Doyle, Sir Arthur Conan, Professor Challenger stories.
Hawthorne, Nathaniel, The Marble Faun.
Hichens, Robert, The Dweller on the Threshold.
Hodgson, William Hope,  The Boats of the Glen Carrig.
Hodgson, William Hope, The Ghost Pirates.
Hodgson, William Hope, The House on the Borderlands.
Hodgson, William Hope, The Casebook of Carnacki the Ghost-Finder.
Hodgson, William Hope, The Night Land.
Kidd, A.F. and Rick Kennett, No. 472 Cheyne Walk: Carnacki, the Untold Stories.
Kipling, Rudyard, Just-So Stories.
Kipling, Rudyard, The Jungle Book.
Kipling, Rudyard, The Second Jungle Book.
London, Jack, The Scarlet Plague.
MacDonald, George, The Princess and Curdie.
Meikle, William, Professor Challenger: The Kew Growths and Other Stories.
Meikle, William, Professor Challenger: The Island of Terror.
Pain, Barry, An Exchange of Souls.
Pain, Barry, The Undying Thing and Others.
Robertson, Andy, ed., William Hope Hodgson's Nightlands, Volume I: Eternal Love.
Robertson, Andy, ed., William Hope Hodgson's Nightlands, Volume II: Nightmares of the Fall.
Robertson, Andy, ed., other Night Land stories.
Shiel, M. P., The House of Sounds and Others.
Tolkien, J. R. R., The Hobbit.
Wells, H.G., The Time Machine.
Wells, H.G., The Island of Doctor Moreau.
Wright, John C., Awake in the Night Land.

Wednesday, January 4, 2017

Bibliography: Second Half of 2016

A bibliography similar to the previous one. This one covers July-December 2016. Again, it's not necessarily complete and contains only whole books, not articles or primarily reference works. I'm also trying to only include books that are newish - i.e., not on the previous couple lists. (Childrens' books also generally not included!)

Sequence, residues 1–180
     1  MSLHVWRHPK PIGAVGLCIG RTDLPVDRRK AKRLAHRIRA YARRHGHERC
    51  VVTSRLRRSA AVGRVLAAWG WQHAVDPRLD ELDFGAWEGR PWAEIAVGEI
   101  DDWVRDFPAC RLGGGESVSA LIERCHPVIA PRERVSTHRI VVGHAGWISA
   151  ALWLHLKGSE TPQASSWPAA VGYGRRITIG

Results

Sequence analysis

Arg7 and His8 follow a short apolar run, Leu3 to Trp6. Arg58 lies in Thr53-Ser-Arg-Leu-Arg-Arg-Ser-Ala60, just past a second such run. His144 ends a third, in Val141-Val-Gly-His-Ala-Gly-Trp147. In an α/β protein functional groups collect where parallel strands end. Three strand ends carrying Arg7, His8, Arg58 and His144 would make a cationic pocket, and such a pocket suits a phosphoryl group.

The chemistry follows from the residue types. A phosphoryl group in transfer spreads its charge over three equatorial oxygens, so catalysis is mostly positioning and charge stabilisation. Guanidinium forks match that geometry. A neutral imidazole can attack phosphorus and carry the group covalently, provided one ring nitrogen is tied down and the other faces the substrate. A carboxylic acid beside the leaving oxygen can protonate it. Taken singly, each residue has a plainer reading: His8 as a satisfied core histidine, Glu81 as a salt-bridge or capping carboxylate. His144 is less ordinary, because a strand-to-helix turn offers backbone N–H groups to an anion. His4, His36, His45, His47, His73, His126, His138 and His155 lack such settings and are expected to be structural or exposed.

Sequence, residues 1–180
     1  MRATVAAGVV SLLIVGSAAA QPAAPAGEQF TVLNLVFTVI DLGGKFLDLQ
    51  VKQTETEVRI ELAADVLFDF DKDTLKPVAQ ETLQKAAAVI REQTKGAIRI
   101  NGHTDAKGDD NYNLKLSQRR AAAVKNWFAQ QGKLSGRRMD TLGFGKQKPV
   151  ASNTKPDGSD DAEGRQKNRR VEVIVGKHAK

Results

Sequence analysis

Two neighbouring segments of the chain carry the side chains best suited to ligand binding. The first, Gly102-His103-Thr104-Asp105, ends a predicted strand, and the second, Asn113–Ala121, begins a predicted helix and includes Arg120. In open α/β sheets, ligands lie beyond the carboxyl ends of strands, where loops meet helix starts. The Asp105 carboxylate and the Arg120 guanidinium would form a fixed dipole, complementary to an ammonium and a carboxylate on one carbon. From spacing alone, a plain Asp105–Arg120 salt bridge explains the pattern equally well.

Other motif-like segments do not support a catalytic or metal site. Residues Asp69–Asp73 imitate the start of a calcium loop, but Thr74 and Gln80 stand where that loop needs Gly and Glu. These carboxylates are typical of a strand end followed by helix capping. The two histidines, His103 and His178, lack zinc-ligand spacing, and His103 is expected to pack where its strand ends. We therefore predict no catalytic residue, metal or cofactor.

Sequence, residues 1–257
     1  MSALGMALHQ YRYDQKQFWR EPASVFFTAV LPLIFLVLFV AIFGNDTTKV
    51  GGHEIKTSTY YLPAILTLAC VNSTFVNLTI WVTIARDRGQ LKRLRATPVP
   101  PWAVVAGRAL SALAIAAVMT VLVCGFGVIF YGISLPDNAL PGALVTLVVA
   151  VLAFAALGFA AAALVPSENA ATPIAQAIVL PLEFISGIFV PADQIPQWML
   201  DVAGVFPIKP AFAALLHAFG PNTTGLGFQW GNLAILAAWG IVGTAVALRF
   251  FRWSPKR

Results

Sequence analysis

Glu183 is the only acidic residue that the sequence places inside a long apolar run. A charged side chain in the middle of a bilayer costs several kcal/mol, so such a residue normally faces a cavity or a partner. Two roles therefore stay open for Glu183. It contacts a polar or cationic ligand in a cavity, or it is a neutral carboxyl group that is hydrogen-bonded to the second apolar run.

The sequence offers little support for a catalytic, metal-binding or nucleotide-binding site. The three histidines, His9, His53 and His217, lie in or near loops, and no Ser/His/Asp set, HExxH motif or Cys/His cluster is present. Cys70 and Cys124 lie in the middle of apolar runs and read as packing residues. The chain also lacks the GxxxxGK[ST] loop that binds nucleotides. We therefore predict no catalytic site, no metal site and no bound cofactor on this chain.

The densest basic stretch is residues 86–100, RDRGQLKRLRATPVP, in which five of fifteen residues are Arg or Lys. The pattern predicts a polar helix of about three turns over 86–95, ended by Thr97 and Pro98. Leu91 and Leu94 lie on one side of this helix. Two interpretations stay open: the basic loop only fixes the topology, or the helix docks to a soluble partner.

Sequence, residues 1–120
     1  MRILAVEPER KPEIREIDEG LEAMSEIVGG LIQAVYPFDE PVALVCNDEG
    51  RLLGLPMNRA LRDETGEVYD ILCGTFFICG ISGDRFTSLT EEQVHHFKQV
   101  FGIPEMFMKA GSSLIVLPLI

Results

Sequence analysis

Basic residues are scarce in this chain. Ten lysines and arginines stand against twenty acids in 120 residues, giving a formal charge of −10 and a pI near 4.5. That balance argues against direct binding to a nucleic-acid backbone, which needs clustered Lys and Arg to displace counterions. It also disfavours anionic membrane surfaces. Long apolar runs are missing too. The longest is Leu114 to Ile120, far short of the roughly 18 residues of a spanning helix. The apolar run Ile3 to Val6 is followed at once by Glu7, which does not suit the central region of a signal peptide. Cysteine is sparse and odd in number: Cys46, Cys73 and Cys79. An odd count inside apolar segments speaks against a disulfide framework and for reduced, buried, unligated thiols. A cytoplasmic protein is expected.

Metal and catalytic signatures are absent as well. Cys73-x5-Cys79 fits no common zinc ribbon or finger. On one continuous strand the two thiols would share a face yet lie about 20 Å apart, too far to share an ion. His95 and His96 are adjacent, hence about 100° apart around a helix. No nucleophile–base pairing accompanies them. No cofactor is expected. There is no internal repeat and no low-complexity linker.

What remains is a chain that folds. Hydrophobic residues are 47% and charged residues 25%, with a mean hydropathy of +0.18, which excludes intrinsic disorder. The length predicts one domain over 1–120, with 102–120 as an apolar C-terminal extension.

Geisler, Norman, Christian Apologetics: Second Edition.
Gignilliat, Mark, A Brief History of Old Testament Criticism: From Benedict Spinoza to Brevard Childs.
Hays, Christopher and Christopher Ansberry, eds., Evangelical Faith and the Challenge of Historical Criticism.
Joshi, S.T., Unutterable Horror: A History of Supernatural Fiction, 1: From Gilgamesh to the End of the Nineteenth Century.
Joshi, S.T., Unutterable Horror: A History of Supernatural Fiction, 2: The Twentieth and Twenty-First Centuries.
Lovecraft, H.P., The Annotated Supernatural Horror in Literature.


Anonymous, Njal's Saga.
Anonymous, The Saga of King Hrolf Kraki.
Anonymous, Sir Orfeo.
Barras, Glynn Owen, ed., In the Court of the Yellow King.
Blackwood, Algernon, Incredible Adventures.
Bulwer-Lytton, Edward, The Haunted and the Haunters, or, The House and the Brain.
Burroughs, Edgar Rice, A Princess of Mars.
Burroughs, Edgar Rice, Gods of Mars.
Chambers, Robert, The Yellow Sign and Other Stories: The Complete Weird Tales of Robert W. Chambers.
Chambers, Robert, The King in Yellow.
Chambers, Robert, In Search of the Unknown.
Chambers, Robert, Police!!!
De La Mare, Walter, The Riddle and Other Stories.
De La Mare, Walter, Ding Dong Bell.
De La Mare, Walter, The Connoisseur and Other Stories.
De La Mare, Walter, Uncollected Stories.
Doyle, Sir Arthur Conan, The Lost World.
Doyle, Sir Arthur Conan,  The Maracot Deep.
Erckmann, Emile and Louis Chatrian, The Man-Wolf and Other Tales.
Feval, Paul, The Vampire.
Feval, Paul, Knightshade.
Feval, Paul, Vampire City.
Gautier, Theophile, One of Cleopatra's Nights and Other Fantastic Romances.
Gautier, Theophile, Avatar.
Gautier, Theophile, Jettatura.
Hawthorne, Nathaniel, The House of the Seven Gables.
Hogg, James, The Private Memoirs and Confessions of a Justified Sinner.
Jewett, Sarah Orne, Lady Ferry and Other Uncanny People.
Jones, Stephen, ed., H. P. Lovecraft's Book of the Supernatural.
Kafka, Franz, The Metamorphosis and Other Stories.
MacDonald, George, The Princess and the Goblin.
Merimee, Prosper, Carmen and Other Stories.
Morris, William, The Water of the Wondrous Isles.
Morrow, W. C., The Monster Maker and Other Stories.
Prata, Nicholas, Angels in Iron.
Price, Robert, ed., The Hastur Cycle.
Pulver, Joseph, Sr., ed., A Season in Carcosa.
Pulver, Joseph, Sr., ed., Cassilda's Song.
Pulver, Joseph, Sr., The King in Yellow Tales, Vol.1.